How a Hot Planet Created the World’s Biggest Snake

How a Hot Planet Created the World’s Biggest Snake


About 59 million years ago, the rainforest
of Colombia was full of giants. It wasn’t long after the extinction that
ended the reign of the non-avian dinosaurs, and the fauna in this part of South America
were already starting to get big again. In this lush, swampy ecosystem, there were
huge turtles way bigger than the largest members of their group today. And there were specialized fish-eaters with
long, narrow snouts, crocodile-relatives that were every bit as long as today’s biggest
saltwater crocs. But the largest animal lurking in that ancient
forest by far was Titanoboa – the largest snake ever known. At 13 meters, it was about twice the size
of the biggest snakes alive today. It was like seven of me long! And “me” has a lot of questions about
this thing. Like, why can’t I have one anymore? Because it sounds really cool, and I got mice
in my attic. But also … where did it come from? Is it related to any living snake species? And how did it live, what did it eat? How does a snake that big actually work? But the biggest question for me has just been
about its bigness: What allowed a snake to grow to nearly twice the size of anything
we know today? Well, it seems Titanoboa was truly a product
of its environment — specifically, of the climate that it lived in. It’s only been in the past few years that
we’ve put together the many pieces of this puzzling creature, but it turns out that the
greatest snake that the world ever saw was made possible by a warming planet. The story of Titanoboa’s discovery begins
in the early 2000s, when a geology student on a field trip found several fossil leaves
at a site called Cerrejon — a large coal mine in Colombia, near the border with Venezuela. And those fossil leaves were so fascinating
that they attracted researchers who ended up leading a series of expeditions that lasted
more than a decade. On those digs, scientists found a treasure
trove of plant fossils – including things like early beans, bananas, and chocolate plants
– relatives of the plants that still live in South America today. The fossils of Cerrejon provided us with a
snapshot of a world that no longer exists – the earliest recorded neotropical rainforest,
dating to 58 million to 60 million years ago. And during one of these expeditions, another
kind of fossil was found that raised a lot of questions — not from a plant but an animal. It was a strange-looking vertebra, one that
resembled that same bone from an anaconda, but way bigger. This single bone would turn out to be the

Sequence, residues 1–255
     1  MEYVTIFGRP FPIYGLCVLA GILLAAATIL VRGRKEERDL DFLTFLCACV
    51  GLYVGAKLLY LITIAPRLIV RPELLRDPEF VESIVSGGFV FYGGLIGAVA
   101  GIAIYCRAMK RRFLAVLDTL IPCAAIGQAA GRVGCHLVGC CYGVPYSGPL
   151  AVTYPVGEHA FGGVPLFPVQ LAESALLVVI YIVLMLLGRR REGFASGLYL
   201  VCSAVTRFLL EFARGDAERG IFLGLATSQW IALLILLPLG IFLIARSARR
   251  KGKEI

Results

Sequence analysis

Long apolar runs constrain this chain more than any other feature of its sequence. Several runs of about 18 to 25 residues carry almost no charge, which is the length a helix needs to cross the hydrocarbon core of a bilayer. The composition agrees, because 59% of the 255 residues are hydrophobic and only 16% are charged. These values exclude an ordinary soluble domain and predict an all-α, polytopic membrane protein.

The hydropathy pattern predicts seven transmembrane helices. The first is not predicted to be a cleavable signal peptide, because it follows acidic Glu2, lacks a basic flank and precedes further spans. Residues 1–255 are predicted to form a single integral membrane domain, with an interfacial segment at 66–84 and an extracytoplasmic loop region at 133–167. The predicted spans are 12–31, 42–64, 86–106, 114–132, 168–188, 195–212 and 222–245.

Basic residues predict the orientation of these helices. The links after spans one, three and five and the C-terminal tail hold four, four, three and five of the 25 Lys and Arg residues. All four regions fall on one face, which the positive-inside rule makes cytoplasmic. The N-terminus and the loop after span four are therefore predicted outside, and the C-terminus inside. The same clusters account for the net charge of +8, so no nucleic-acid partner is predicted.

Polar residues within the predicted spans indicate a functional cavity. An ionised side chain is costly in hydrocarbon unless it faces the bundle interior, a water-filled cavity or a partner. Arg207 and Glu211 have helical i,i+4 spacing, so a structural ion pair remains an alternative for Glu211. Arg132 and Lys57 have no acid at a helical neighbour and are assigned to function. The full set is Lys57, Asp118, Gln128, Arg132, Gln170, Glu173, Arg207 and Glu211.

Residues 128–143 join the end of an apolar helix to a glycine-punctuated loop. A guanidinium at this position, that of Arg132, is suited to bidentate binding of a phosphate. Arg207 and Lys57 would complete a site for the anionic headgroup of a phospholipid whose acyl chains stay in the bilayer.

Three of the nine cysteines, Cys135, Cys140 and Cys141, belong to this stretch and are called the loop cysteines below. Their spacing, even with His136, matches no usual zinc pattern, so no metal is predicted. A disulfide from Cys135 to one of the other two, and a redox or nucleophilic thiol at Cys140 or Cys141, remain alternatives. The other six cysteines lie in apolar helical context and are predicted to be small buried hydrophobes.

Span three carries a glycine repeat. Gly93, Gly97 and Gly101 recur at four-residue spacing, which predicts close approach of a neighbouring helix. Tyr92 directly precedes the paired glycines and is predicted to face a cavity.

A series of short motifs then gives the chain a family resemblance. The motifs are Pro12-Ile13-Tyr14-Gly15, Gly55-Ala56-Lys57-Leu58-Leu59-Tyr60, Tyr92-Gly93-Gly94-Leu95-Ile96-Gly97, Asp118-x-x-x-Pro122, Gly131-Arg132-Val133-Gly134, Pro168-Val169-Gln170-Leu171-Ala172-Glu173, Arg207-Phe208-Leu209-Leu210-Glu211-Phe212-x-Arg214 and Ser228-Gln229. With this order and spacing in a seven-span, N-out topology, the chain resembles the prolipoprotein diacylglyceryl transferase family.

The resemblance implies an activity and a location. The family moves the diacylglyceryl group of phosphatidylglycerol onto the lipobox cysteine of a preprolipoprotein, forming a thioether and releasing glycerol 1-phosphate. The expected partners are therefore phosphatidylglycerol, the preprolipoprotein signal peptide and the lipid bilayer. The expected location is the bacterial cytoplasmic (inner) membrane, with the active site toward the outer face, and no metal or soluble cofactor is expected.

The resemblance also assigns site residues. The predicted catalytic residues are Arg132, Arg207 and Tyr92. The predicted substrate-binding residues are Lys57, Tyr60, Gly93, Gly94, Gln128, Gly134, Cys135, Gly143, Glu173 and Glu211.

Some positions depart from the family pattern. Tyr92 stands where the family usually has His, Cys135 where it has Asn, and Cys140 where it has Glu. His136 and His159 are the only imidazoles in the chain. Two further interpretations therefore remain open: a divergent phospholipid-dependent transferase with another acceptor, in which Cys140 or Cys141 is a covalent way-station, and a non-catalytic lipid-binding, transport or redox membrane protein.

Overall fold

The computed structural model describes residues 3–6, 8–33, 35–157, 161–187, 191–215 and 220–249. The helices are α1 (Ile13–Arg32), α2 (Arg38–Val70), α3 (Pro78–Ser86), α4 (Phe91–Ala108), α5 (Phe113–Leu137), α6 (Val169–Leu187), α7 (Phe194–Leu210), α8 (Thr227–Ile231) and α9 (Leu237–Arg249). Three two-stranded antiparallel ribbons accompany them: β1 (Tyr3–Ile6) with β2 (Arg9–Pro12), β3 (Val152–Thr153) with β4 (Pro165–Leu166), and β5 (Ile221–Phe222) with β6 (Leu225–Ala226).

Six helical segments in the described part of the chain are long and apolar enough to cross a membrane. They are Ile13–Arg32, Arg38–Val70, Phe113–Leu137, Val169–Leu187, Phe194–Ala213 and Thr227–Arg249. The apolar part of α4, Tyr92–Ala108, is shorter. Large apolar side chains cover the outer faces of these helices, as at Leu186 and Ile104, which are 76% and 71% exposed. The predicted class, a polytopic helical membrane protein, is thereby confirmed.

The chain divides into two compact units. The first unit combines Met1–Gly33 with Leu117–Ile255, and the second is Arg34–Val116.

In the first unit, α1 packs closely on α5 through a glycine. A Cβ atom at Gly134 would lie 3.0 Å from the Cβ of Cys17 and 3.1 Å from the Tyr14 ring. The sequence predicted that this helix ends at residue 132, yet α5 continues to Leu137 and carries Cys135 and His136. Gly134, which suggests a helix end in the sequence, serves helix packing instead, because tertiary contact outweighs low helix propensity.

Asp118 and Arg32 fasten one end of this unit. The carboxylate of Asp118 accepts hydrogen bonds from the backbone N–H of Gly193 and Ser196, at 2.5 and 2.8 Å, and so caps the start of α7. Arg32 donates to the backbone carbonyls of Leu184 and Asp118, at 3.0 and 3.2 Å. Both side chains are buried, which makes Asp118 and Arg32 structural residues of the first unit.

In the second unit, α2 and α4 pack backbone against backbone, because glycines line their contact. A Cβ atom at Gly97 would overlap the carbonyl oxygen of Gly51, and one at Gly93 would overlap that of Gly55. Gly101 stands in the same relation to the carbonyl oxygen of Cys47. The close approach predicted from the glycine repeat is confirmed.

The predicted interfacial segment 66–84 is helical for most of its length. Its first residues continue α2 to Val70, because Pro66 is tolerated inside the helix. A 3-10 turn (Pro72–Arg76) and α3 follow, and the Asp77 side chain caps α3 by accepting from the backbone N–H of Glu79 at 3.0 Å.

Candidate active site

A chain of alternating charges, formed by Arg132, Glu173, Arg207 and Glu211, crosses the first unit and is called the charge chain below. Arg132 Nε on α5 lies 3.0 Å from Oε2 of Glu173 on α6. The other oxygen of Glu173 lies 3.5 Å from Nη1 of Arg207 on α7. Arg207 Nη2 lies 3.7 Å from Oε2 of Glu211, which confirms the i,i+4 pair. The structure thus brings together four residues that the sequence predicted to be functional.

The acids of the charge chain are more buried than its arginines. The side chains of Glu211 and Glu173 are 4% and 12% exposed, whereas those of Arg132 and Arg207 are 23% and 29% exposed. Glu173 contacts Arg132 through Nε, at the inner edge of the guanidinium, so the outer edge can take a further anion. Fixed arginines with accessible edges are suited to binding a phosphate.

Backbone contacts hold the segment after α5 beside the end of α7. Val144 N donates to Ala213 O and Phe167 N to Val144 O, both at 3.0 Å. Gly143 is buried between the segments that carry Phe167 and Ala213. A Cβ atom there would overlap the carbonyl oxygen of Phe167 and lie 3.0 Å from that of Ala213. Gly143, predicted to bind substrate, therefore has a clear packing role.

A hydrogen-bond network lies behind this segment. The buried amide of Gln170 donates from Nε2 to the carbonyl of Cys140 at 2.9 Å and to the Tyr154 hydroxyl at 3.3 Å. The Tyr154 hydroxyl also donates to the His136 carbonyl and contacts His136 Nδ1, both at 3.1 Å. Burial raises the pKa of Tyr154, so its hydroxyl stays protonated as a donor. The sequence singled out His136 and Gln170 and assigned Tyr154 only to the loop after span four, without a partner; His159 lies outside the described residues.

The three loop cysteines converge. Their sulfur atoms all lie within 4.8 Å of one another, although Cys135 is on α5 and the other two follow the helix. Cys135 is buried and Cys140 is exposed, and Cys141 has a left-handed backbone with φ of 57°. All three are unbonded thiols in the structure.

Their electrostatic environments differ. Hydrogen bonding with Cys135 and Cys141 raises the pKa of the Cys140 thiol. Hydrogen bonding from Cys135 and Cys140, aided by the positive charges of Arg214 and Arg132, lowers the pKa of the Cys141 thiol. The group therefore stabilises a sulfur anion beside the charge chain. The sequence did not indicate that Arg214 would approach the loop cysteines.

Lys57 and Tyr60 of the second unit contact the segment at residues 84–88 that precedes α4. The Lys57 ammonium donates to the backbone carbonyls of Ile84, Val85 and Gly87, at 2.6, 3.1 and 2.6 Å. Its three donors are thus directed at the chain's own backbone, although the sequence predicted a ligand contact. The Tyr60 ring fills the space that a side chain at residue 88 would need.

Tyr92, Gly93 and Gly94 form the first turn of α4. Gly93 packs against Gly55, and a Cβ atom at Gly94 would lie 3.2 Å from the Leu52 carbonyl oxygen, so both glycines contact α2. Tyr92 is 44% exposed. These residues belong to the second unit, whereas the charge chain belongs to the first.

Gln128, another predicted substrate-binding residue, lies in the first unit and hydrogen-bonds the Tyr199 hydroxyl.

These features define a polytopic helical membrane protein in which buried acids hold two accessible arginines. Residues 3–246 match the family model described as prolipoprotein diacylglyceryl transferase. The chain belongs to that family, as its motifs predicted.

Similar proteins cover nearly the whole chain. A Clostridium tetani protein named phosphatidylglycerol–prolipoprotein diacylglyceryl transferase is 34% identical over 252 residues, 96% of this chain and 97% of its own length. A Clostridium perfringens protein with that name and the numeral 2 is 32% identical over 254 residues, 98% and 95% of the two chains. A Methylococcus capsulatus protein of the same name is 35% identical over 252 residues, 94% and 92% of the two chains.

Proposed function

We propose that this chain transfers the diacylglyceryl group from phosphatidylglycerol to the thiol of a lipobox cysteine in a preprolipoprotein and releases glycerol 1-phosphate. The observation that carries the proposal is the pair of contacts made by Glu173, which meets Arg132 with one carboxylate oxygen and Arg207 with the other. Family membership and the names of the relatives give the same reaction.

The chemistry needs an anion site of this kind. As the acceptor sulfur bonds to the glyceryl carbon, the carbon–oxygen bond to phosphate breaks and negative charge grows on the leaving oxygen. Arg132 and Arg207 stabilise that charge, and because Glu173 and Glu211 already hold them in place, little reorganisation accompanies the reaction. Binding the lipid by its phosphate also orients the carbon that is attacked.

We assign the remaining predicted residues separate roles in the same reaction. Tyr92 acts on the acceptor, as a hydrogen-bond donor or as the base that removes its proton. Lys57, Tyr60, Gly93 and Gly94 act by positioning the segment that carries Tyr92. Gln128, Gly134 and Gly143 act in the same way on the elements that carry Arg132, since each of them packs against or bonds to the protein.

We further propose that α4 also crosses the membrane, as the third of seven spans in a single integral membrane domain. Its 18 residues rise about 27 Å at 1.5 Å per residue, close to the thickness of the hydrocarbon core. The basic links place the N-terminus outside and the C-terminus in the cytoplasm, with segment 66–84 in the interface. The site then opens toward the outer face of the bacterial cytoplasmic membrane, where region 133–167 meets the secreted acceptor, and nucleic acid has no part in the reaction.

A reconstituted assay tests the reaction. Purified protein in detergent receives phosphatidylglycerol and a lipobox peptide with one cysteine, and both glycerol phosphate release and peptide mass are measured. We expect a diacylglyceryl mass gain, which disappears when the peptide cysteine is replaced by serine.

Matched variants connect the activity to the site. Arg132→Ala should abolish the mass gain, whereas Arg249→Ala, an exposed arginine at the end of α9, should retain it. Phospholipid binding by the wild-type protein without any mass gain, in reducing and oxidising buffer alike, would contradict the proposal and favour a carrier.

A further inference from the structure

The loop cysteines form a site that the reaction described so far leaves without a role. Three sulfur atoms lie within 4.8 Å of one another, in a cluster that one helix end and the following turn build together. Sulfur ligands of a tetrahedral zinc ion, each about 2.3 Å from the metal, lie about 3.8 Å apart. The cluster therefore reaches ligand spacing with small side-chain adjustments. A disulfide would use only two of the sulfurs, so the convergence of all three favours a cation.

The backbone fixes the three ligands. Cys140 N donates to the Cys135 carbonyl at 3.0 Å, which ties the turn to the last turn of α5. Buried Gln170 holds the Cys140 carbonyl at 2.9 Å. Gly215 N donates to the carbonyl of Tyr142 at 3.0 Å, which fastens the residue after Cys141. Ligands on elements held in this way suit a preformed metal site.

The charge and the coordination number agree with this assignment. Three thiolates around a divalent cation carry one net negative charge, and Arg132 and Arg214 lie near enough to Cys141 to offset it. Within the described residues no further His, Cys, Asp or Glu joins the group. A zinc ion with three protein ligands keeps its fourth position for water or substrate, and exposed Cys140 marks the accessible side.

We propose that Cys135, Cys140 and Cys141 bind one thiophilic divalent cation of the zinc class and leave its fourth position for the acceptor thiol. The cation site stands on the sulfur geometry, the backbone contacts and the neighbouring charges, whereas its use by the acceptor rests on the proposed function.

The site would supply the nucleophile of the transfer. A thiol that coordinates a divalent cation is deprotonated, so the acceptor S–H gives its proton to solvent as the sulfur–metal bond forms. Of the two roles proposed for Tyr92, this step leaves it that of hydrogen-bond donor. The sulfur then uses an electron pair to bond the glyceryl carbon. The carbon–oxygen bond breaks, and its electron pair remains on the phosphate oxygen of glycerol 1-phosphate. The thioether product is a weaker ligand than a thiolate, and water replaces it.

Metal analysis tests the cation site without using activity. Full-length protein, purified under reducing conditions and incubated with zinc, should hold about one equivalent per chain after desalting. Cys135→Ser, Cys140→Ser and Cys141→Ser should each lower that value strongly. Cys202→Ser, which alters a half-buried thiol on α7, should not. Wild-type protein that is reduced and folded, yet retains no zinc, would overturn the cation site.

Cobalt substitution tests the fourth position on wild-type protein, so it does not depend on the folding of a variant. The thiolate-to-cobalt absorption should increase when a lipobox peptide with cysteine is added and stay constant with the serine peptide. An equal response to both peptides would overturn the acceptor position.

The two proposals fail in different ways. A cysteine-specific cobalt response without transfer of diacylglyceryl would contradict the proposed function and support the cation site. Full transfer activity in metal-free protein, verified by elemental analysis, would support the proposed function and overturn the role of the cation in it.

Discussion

first evidence of a truly massive snake. In time, researchers would collect over 100
fossil remains of ribs, vertebrae, and even parts of the skull, representing 28 individual
snakes of this species. And those vertebrae can tell you a lot about
a snake. Because, if snakes have anything, it’s a
lot of backbone. And scientists could tell from the pattern
of features of these vertebrae – like the position of certain holes and ridges – that
it belonged to a member of the family known as Boidae, which includes all of the boas. Now, there aren’t many fossils of boids
older than Titanoboa, which is about 59 million years old. But based on what we know about their evolutionary
relationships with other reptiles, we think that snakes evolved from a four-limbed ancestor,
sometime before the Middle Jurassic Period, 167 million years ago. But! Some of the earliest fossils that we’d call
snakes based on their skulls probably still had limbs. So figuring out what counts as an early snake
is complicated. And in fact, living boas — as well as pythons
— actually have vestigial hind-limbs called spurs, evolutionary relics of this tetrapod
ancestor. We don’t know if Titanoboa had spurs, but
given that all of its living relatives do, it’s possible. But still, living boids never get anywhere
near as big as Titanoboa. Based on the dimensions of its vertebrae,
as well as on the sizes of living boa species, experts estimate that it reached lengths just
under 13 meters. That’s as long as the largest T. rex! By comparison, the longest snake around today,
the reticulated python, is usually around 7 meters, with some outliers stretching out
as much as 9 meters. Based on its length, researchers have also
been able to estimate the mass of Titanoboa. And it likely tipped the scales at around
1135 kilograms, which is about as much as a bull bison or an adult
male giraffe. So, not exactly a lightweight. Titanoboa was not just the largest snake species
ever known. It was also the largest non-marine vertebrate
in its day. But, this giant reptile was not alone in that
Colombian rainforest. As paleontologists later discovered, the Cerrejon